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Letter to the Editor: A serial killer’s sister

<h5><strong>Members of PCP gather at a Nakba Day vigil on Sunday, May 15.</strong></h5>
<h6><strong>Hope Perry / The Daily Princetonian</strong></h6>
Members of PCP gather at a Nakba Day vigil on Sunday, May 15.
Hope Perry / The Daily Princetonian

Content Warning: The following letter contains mentions of death and violence.

To the Editor:

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The sister of Iyad Sawalha, a serial killer responsible for the death of dozens of Israelis and Palestinians, spoke on our campus last week. Who invited her to do so I do not know — she is neither a member of our community nor a scholar at another university. Sawalha’s sister was also interviewed for an article in The Daily Princetonian, where she expressed her disappointment over her brother’s image as a terrorist.

As a historian who believes in historical facts, I would like to set the record straight. Iyad Sawalha was a criminal, pure and simple. As a member of the so-called “Islamic Jihad” (a term I put in quotation marks because Islam does not condone the murder of innocent civilians), he had the blood of countless people on his hands. His expertise was in car bombs. With one of them, near Megiddo, Israel (June 5, 2002), he murdered seven innocent bystanders, many of whom burned alive; with another, near Karkur (Oct. 21, 2002), he murdered 14 people and injured dozens more. Sawalha liked to wrap the explosives he used in his car bombs with screws and nails for greater impact. He also murdered fellow Palestinians whose political views he didn’t share.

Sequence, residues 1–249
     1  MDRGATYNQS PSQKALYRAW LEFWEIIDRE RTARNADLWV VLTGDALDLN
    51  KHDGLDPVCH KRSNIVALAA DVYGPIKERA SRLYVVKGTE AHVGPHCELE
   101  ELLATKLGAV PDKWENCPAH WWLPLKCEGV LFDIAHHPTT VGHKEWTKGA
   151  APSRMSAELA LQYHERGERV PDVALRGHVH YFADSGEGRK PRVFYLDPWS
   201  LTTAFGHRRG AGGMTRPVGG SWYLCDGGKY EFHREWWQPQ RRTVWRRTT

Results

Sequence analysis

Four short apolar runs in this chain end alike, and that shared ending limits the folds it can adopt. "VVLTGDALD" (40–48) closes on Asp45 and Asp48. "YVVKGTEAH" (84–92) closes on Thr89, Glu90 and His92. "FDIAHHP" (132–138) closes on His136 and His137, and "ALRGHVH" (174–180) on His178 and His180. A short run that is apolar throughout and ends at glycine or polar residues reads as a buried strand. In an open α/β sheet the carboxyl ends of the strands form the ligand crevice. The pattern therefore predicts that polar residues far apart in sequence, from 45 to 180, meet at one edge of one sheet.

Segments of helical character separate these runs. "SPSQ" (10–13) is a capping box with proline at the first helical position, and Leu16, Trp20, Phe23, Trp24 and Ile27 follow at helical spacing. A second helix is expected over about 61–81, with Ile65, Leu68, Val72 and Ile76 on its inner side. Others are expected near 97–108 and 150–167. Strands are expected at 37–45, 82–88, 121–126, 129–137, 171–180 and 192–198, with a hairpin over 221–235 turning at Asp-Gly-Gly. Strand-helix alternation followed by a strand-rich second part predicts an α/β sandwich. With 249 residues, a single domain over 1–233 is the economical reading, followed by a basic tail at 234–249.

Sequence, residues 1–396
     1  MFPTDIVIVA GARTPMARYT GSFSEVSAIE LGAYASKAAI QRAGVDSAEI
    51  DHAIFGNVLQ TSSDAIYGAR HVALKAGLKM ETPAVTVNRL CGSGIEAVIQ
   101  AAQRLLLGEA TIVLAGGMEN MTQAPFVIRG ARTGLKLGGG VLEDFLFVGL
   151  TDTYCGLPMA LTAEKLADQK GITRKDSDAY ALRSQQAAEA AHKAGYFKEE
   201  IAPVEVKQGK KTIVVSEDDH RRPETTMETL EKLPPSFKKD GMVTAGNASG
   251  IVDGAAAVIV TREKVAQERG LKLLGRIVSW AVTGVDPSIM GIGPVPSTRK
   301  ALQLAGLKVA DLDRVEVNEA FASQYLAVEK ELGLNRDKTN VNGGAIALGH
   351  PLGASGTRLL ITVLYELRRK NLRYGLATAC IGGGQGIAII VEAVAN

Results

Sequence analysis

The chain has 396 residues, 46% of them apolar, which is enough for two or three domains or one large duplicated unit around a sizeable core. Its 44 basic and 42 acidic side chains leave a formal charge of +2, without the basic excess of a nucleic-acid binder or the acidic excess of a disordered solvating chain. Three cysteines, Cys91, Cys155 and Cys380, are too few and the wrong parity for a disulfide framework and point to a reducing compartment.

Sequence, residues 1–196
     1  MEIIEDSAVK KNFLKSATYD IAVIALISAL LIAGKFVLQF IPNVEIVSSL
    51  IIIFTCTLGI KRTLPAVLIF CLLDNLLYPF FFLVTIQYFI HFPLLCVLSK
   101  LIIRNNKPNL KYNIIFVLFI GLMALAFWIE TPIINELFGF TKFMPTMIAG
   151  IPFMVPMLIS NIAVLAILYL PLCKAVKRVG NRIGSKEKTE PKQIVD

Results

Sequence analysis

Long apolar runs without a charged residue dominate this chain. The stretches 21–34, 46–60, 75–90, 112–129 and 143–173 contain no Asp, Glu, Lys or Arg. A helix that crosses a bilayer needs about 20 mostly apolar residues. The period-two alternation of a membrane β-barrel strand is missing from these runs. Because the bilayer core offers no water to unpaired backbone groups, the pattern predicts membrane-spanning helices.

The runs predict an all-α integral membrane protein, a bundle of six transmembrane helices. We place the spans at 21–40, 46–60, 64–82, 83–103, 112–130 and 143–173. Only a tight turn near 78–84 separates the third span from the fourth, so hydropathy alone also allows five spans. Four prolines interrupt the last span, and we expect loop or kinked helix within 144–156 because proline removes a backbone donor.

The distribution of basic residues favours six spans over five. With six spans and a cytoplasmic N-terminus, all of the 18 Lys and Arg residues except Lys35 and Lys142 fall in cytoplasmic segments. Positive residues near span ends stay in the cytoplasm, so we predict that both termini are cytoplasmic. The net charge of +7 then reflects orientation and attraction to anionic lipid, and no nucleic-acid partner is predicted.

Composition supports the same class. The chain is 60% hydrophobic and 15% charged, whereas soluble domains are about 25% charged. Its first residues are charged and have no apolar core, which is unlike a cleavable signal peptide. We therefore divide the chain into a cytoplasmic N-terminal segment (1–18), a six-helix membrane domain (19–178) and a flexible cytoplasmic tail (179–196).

I understand that emotions run high whenever it comes to the Israeli-Palestinian conflict. Nationalistic binary thinking, now more than ever, seems to be the order of the day. Still, it was morally wrong to allow Sawalha’s sister to speak on campus, and morally wrong for The Daily Princetonian to give her a stage from which to defend his heinous crimes. Peace-loving Princetonians know better. We refuse to condone senseless violence. No to war. Peace now.

Yair Mintzker is the Behrman Professor in the Humanities Council and a Professor of History at Princeton University. 

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